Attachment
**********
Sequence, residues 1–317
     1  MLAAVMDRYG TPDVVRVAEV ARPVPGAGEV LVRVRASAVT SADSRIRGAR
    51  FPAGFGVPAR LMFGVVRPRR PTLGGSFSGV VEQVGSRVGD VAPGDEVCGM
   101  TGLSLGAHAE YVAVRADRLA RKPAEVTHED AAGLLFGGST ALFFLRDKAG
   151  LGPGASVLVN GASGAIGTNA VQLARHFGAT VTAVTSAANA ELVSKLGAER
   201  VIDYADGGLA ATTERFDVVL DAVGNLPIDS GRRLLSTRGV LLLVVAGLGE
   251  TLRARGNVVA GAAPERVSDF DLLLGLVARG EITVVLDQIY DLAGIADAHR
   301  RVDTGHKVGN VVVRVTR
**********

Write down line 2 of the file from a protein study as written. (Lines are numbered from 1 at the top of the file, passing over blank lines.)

     1  MLAAVMDRYG TPDVVRVAEV ARPVPGAGEV LVRVRASAVT SADSRIRGAR